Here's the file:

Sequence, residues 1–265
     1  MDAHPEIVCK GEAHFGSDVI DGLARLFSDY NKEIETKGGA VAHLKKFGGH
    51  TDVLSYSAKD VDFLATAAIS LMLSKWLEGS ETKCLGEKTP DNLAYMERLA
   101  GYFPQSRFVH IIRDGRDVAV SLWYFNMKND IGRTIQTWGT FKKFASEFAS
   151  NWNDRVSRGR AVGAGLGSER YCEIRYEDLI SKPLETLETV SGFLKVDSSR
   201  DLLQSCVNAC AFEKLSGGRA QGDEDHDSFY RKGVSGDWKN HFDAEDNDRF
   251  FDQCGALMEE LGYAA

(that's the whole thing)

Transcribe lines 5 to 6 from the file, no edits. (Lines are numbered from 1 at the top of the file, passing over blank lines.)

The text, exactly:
   151  NWNDRVSRGR AVGAGLGSER YCEIRYEDLI SKPLETLETV SGFLKVDSSR
   201  DLLQSCVNAC AFEKLSGGRA QGDEDHDSFY RKGVSGDWKN HFDAEDNDRF